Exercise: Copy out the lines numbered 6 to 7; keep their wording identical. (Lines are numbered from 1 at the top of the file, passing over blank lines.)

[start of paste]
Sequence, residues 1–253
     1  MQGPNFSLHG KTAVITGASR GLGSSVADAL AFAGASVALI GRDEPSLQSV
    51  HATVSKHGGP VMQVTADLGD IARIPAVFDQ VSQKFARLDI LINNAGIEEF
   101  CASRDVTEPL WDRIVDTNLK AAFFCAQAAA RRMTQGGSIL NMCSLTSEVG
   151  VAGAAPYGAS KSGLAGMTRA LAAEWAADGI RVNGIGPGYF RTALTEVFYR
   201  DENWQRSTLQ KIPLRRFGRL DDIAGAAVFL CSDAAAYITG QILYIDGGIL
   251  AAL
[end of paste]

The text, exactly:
   201  DENWQRSTLQ KIPLRRFGRL DDIAGAAVFL CSDAAAYITG QILYIDGGIL
   251  AAL